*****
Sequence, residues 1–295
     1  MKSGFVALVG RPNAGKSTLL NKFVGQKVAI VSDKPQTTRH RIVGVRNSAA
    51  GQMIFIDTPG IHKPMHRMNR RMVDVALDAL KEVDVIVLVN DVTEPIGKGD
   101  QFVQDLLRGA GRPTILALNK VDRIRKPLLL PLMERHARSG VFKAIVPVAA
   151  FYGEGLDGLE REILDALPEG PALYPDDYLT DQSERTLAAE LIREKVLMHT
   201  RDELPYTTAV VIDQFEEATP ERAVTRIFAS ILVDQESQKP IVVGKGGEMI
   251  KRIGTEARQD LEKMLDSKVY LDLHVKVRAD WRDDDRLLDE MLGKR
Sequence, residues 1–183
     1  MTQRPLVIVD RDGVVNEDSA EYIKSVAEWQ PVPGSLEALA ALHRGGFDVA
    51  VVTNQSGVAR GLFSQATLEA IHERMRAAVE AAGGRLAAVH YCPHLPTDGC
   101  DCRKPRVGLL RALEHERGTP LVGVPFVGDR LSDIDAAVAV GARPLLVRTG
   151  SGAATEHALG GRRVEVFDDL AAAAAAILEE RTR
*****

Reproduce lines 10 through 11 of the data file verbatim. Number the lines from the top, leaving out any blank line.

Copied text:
    51  VVTNQSGVAR GLFSQATLEA IHERMRAAVE AAGGRLAAVH YCPHLPTDGC
   101  DCRKPRVGLL RALEHERGTP LVGVPFVGDR LSDIDAAVAV GARPLLVRTG